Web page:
As 2016 comes to an end, many are looking for what they can do to improve their business in the coming new year. Streamlining processes, improving customer relationships, and investing in technology may be on your list. What about improving the security of your data and having a real plan in case disaster strikes? Having a plan of action following a cyber attack could mean the difference between recovery and not making plans for your business in 2018. Fortunately there is an outline that you can follow.
What Is Executive Order 13636?
Executive Order 13636 ordered the National Institute of Standards and Technology to develop a system for organizations within the United States to assess and improve their understanding of cyber risk. As part of a nationwide push to improve the country’s cybersecurity practices, the National Institute of Standards and Technology (NIST) has issued a framework that organizations of all shapes and sizes can use to review and improve their key cyber infrastructure.
The NIST Framework Aims At
- creating a standardized ways for companies to review their current systems
- assess the risk exposures of those systems
- establish appropriate risk tolerances for each system
- create procedures for monitoring and improving their cyber defenses
Creating Your Company's NIST Framework
The Framework can at first glance seem complicated and in-depth for smaller organizations. It has three key elements:
The Framework Core involves five key functions, each of which breaks down into smaller subcategories.
The Framework Implementation Tiers explains what risks are possible from the profile and the degree of reaction needed to be taken by the organization.
The Framework Profile involves two different profiles operating amongst different standards, guidelines, and practices across distinct cyber categories. Companies use a seven step process to create, implement, and monitor these three elements. Each of these concepts would constitute the bulk of a single article in of themselves.
What About Small Businesses?
Smaller companies can still implement many of the key concepts behind the NIST framework. Ultimately, NIST boils down to some ultimately simple steps.
- Identify key assets, systems, threats, and vulnerabilities
- Assess current policies, standards, guidelines, and positioning
- Define key goals and targets and steps for achieving those goals and targets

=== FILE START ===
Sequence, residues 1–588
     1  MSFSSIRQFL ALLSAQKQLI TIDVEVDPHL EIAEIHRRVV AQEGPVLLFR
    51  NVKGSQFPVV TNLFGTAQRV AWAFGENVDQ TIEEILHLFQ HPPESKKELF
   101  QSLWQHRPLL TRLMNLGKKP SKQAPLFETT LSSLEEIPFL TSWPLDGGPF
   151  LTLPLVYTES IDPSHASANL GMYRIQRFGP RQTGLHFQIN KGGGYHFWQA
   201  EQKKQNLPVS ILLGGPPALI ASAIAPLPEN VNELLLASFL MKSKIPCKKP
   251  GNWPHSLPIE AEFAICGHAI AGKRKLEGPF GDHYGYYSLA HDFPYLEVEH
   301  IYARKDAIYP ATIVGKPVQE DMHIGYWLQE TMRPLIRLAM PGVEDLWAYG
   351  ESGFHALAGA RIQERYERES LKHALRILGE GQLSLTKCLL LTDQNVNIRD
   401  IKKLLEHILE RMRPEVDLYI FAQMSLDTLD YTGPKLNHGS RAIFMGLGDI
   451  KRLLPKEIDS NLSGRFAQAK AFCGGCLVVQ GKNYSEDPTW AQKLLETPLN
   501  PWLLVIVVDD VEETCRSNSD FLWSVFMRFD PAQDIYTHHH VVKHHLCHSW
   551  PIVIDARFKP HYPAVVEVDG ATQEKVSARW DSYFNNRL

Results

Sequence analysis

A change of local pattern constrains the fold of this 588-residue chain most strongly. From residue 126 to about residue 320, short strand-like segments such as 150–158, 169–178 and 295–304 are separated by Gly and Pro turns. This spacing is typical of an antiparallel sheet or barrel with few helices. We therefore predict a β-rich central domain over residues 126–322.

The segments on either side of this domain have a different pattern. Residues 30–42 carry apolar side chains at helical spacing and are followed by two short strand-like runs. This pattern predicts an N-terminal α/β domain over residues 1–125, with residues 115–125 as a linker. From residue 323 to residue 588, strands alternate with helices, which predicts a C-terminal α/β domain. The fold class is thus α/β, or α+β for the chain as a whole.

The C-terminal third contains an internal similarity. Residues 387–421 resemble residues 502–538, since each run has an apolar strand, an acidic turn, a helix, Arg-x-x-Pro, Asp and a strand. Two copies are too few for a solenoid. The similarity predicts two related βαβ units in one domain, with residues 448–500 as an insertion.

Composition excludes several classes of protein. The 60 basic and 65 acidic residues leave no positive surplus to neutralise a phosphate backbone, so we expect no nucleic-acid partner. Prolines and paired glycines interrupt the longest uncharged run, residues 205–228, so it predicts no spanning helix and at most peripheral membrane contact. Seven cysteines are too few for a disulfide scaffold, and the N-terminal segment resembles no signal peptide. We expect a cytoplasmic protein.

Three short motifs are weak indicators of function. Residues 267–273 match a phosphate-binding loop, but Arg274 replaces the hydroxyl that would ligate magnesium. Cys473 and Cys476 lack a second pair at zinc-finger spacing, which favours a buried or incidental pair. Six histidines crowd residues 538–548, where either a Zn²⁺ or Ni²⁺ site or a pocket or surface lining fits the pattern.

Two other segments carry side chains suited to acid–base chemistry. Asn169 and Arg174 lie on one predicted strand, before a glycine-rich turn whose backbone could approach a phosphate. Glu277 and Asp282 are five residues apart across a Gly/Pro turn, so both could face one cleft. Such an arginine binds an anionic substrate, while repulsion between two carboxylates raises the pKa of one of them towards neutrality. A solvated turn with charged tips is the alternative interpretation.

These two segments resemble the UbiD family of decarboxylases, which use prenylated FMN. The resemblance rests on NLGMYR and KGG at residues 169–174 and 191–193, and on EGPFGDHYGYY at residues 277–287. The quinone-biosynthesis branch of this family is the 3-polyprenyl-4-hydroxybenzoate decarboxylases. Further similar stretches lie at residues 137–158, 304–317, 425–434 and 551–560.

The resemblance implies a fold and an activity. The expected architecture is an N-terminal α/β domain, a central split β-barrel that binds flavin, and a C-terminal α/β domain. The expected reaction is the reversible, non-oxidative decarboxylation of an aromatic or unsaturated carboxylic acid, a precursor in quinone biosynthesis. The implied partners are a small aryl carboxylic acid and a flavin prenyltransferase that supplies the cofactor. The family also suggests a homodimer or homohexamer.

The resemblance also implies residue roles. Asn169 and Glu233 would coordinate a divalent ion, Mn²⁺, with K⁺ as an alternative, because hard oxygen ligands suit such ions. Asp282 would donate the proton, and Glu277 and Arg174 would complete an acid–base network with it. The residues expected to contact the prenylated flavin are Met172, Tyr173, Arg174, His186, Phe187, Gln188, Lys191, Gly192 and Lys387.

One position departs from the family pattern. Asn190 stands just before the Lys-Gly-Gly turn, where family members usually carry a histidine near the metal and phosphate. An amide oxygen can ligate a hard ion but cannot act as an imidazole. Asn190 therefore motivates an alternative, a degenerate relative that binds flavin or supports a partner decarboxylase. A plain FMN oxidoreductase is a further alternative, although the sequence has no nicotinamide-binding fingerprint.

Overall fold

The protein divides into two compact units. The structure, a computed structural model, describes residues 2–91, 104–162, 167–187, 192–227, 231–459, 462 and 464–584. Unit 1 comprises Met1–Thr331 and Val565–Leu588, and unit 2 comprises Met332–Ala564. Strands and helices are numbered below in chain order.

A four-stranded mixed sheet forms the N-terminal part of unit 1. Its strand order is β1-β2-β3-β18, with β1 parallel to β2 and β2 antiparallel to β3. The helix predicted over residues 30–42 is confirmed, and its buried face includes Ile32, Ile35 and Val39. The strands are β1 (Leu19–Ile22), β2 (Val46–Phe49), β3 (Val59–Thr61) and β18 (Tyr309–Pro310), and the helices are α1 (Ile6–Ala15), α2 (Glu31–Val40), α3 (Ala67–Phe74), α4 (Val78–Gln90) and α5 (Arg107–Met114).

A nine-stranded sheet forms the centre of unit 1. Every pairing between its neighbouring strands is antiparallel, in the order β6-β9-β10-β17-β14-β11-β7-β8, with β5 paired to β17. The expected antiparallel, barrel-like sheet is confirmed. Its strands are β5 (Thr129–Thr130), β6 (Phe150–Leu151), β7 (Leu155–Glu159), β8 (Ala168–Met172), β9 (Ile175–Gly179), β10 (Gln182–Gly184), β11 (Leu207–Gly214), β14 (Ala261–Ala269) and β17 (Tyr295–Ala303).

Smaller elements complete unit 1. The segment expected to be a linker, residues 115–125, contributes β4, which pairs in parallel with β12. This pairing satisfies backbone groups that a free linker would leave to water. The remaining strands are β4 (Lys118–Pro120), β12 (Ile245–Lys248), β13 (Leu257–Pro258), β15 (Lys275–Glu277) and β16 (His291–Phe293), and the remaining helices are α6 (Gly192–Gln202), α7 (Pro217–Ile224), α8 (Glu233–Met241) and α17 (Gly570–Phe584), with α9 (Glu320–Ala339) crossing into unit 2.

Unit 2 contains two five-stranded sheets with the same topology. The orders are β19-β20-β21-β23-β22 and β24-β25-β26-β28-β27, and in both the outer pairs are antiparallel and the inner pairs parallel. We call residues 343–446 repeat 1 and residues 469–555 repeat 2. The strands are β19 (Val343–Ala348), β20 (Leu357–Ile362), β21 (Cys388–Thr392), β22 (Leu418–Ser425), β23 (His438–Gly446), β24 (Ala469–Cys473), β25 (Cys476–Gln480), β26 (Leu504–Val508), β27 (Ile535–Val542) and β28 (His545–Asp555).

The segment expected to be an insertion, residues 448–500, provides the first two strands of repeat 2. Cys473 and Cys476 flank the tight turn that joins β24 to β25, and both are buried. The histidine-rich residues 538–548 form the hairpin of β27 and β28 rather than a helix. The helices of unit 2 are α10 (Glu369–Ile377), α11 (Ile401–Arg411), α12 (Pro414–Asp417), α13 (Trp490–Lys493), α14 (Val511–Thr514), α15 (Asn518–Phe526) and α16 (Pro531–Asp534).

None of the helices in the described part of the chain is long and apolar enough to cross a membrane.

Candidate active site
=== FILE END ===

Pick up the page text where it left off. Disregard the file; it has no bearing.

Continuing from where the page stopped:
- Continuously monitor your cyber structure for efficiency and improvement
What If I Do Not Comply?
The NIST framework involves no regulatory requirements or legal obligations. It has no comprehensive standards for everyone to follow, such as data privacy or civil liberties standards. Some critics consider these elements a major failing of the NIST framework. Others view it as a key asset since it gives everyone the ability to implement the framework according to their own needs and abilities. NIST focuses instead on trying to shift organizations from a reactionary mindset to one of proactive risk management. This means cultivating a culture of risk assessment and management within organizations by asking them to ask certain key questions.
A Wide Scale Of Risks For Businesses
Cyber risks continue to increase. These risks include a wide array of different exposures and threats. They include cybercrime, espionage, and hacktivism. Attacks range from simple forms of social engineering scams to complicated server attacks. Targets may range from the theft of customer personal information to shutting down a company’s information technology hardware to the theft of intellectual property and trade secrets. Companies need to understand their cyber risk exposures and their potential for loss across all potential targets and assets. Having a dedicated structure for identifying, managing, and monitoring these risks in a cost-effective manner can help give companies a competitive edge in the digital marketplace.
As cybersecurity concerns continue to make news and the economic losses from cybercrime continue to rise, companies are asking themselves what cost-effective steps they can take to improve their cybersecurity plans... and the NIST Framework seems to fit the bill